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CNC When You Need It, Manual When You Do Not



The KTM-5AVKF from Kent Industrial USA

Progressive Machining of Greenville has used Kent USA equipment for years. Its most recent purchase was a KTM-5VKF CNC knee mill.

"Despite the widespread adoption of CNC machine tools over the past few decades, some shops remain on the fence, preferring manual equipment instead," said a Kent Industrial USA spokesperson. "The reasons for this vary, but the most valid of them is that production quantities do not support the significantly larger investment in tooling, education and especially the machine tool itself. And while one might argue that a CNC lathe or machining center equipped with quick-change tooling and supported by offline presetting and CAM programming systems can actually compete quite effectively on 'onesie-twosie' work, reaching that bar admittedly takes substantial effort."

Identifying Constraints

The challenges of managing an all-manual machine shop, however, are twofold. The first is capability. Machining relatively simple shafts and brackets is a no-brainer on a manual machine, but what happens when the customer's part designs grow more complex? What about 3D surfaces, non-orthogonal geometries, engraving and large or deep pockets, where the ability to remove massive amounts of material quickly and accurately is the difference between profit and loss?

The second is flexibility. While a seasoned machinist can bust out prototypes and handfuls of parts as quickly as the average CNC, the scales begin to tip as quantities rise. Are you going to turn away the work when prototypes move into production? This last statement brings up another objection to the purely manual approach, and that is the seasoned machinist needed to operate knee mills and engine lathes. Where does a shop owner or production manager find such people?

None of this is surprising to anyone who has spent a few years on the shop floor. What might come as a surprise, though, is that there is a viable alternative to the either/or of manual and CNC machinery. Some refer to them as half-CNCs, CNC knee mills or teach-style lathes. Whatever you call them, they represent a middle ground between the all-in of CNC and the limited-and-I-know-it of manual machines, one that shops can use to produce a wider range of parts and production quantities without the daunting investment.

Progressive Thinking

Andrew Ruedinger can speak to the value of these machines. He and his sister Patti are the co-owners of Progressive Machining of Greenville, Inc., having taken over from their father Doug, who founded this job shop in Greenville, SC, 33 years ago. Today the shop employs a dozen or so "extremely talented crew of guys," produces "a mix of difficult parts, in everything from stainless steel to just about any kind of plastic you can imagine," and has a mix of manual, CNC and half-CNC equipment.

The company has used Kent USA equipment for most of that time. Its most recent is a KTM-5VKF CNC knee mill, purchased in 2017 from long-time friend and machinery dealer John T. Simms at Machine Tools Inc., who Ruedinger said first introduced him to the brand 25 years ago and has provided excellent support ever since.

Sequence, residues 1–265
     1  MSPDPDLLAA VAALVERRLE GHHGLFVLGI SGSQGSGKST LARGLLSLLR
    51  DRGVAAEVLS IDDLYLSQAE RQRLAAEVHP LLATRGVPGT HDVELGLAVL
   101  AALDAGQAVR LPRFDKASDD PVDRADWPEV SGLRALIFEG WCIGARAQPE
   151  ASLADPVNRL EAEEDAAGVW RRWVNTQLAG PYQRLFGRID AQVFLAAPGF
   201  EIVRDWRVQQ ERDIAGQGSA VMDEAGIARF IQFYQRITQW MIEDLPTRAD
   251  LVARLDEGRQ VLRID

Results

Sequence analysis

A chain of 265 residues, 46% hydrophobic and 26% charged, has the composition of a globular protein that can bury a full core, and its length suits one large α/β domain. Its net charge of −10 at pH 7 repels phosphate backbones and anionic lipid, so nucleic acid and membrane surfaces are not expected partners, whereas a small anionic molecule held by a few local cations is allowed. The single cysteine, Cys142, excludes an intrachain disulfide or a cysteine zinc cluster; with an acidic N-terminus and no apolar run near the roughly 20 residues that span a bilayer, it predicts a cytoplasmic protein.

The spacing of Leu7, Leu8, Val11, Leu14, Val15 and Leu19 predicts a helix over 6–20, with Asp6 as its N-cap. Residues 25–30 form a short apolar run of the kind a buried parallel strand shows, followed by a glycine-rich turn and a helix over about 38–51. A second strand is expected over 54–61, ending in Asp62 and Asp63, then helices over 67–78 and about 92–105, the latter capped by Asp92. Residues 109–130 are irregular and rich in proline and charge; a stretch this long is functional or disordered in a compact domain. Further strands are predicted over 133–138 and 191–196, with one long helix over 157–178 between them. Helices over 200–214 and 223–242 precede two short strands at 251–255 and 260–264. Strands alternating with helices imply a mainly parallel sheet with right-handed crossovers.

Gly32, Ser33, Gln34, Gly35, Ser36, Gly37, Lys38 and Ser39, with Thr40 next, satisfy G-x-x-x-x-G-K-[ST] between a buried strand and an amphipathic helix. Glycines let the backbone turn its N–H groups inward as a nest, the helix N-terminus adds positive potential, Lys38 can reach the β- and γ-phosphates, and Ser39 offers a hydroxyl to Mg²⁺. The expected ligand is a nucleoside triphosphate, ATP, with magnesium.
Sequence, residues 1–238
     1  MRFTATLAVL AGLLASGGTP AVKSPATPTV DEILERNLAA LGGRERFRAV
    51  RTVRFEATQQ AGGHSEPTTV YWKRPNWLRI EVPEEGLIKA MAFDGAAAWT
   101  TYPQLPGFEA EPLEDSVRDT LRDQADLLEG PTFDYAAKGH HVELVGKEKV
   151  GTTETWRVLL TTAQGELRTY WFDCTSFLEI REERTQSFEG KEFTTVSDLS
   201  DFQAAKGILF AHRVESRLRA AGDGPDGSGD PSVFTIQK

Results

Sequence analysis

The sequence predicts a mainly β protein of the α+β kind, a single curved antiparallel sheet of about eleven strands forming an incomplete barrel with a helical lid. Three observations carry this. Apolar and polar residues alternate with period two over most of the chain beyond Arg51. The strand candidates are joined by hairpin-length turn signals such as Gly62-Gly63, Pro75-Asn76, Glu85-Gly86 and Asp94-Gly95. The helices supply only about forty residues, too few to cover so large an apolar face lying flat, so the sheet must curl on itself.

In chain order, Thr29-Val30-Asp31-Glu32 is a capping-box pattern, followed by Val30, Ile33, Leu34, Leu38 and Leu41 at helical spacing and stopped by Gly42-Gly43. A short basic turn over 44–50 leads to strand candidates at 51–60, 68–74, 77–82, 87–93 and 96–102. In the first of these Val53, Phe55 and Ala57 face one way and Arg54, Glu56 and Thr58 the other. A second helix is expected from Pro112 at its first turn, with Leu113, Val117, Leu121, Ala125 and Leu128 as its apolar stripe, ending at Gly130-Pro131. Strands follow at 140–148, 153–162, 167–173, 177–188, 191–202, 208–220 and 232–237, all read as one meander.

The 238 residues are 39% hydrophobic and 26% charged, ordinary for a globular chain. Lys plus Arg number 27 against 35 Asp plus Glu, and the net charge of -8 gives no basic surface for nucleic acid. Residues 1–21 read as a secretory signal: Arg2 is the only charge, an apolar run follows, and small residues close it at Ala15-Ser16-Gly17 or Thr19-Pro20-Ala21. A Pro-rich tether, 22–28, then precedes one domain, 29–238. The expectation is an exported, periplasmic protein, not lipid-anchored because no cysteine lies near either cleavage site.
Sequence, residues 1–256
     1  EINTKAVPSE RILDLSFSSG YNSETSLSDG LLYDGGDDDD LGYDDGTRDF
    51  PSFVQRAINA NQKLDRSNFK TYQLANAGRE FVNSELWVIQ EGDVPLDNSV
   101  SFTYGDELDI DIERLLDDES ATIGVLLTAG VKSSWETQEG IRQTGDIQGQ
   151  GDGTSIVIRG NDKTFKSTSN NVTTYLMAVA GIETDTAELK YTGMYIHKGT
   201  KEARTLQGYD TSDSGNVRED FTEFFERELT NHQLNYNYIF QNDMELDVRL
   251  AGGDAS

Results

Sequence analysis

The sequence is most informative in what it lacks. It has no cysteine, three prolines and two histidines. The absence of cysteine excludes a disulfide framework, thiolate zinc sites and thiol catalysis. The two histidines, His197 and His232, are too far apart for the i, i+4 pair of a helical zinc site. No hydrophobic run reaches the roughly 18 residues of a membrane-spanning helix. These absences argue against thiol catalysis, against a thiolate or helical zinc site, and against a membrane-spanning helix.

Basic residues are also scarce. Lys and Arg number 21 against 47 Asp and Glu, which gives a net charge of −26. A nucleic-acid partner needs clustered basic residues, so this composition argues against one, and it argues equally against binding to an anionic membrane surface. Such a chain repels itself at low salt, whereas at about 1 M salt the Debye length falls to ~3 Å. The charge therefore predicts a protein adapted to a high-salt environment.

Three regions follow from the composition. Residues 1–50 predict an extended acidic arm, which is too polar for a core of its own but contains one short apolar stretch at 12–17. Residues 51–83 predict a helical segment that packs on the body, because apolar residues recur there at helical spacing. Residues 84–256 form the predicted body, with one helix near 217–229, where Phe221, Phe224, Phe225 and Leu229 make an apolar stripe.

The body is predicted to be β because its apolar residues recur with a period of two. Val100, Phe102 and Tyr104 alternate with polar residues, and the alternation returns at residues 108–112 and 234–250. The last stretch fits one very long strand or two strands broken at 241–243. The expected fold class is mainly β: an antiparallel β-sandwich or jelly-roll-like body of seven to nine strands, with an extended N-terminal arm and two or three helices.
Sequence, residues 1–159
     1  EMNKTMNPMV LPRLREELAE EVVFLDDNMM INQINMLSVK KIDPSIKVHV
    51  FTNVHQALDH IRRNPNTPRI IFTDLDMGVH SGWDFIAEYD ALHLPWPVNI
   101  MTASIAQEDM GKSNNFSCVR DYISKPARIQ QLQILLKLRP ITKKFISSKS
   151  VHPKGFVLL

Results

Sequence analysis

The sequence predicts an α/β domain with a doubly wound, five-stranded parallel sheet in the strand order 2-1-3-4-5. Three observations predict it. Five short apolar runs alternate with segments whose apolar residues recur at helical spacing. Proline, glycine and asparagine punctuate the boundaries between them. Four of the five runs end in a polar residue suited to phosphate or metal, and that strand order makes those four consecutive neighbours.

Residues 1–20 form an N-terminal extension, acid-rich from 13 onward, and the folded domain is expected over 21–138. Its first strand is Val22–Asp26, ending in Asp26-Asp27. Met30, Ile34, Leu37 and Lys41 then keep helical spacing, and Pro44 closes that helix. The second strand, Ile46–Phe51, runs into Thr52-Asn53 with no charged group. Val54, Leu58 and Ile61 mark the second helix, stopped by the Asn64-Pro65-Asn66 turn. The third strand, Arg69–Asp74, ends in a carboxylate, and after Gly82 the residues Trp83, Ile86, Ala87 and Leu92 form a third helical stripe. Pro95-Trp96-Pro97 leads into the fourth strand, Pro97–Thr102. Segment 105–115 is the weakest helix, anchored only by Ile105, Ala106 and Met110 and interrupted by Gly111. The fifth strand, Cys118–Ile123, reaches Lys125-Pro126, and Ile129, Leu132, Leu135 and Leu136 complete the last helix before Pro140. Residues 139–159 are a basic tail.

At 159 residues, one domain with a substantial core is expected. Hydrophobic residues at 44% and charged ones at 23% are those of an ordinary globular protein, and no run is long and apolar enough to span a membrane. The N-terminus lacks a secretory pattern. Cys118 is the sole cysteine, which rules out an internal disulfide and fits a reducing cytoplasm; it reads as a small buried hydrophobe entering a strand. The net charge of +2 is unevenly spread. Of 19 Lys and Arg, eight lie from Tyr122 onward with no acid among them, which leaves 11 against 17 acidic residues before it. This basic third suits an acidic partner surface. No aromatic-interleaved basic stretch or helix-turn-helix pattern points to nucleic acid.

"We have the same problem as a lot of shops," he said. "It is tough to break into one of the CNC machining centers to make one or two parts, but not everything we do can be machined on a knee mill. The KTMs offer a nice mix. You can take a heavy cut and it does not bother them. We also do a lot of really close tolerance work, and there is not always time for grinding. I need equipment that can handle whatever you throw at it. These machines last. We do not beat our machines up, but they are used every day, and I cannot afford any downtime. That is the main thing. If someone asks me what knee mill to buy, CNC or otherwise, I tell them to buy a Kent USA. They are good machines, and they have treated me well."

Features of the KTM-5AVKF:

  • 13" x 59" hardened and ground table top
  • Saddle and knee with hardened and ground square (box) ways
  • Oversized precision ballscrews in X and Y axes, telescoping cover on front cross way
  • X and Y axes driven by DC servo motor
  • Precision bored and ground milling head, with super precision ABEC-7 bearing
  • Meehanite casting, with built in coolant reservoir in machine base
  • Coolant system and chip tray
  • Centralized automatic lubrication, with metered check-valves
  • Table size: 13" x 59"
  • Table travel (X-axis): 39.37"
  • Saddle travel (Y-axis): 20"
  • Knee travel (Z-axis): 20"
  • Spindle motor: 5 HP
  • Spindle speed: 70 RPM to 4,500 RPM
  • Max. work load (center): 1,200 lbs.

Standard accessories:

  • Quick change tooling package (Mach-1)
  • Digital readout system
  • NMTB-30 spindle
  • Flood coolant system (built-in base)
  • Knee (Z-axis) power feed
  • Air power drawbar
  • Flood coolant system
  • Chip tray
  • 3D edge finder
  • Knee linear encoder feedback for coupled Z-axis position
  • AMI with programmable M-functions.

For more information contact:

Progressive Machining of Greenville

14A Oakvale Road

Greenville, SC 29611

864-277-3900

www.progressivemachining.com

Kent Industrial USA

1231 Edinger Ave.

Tustin, CA 92780

800-KENT-USA / 714-258-8526

sales@kentusa.com

www.kentusa.com

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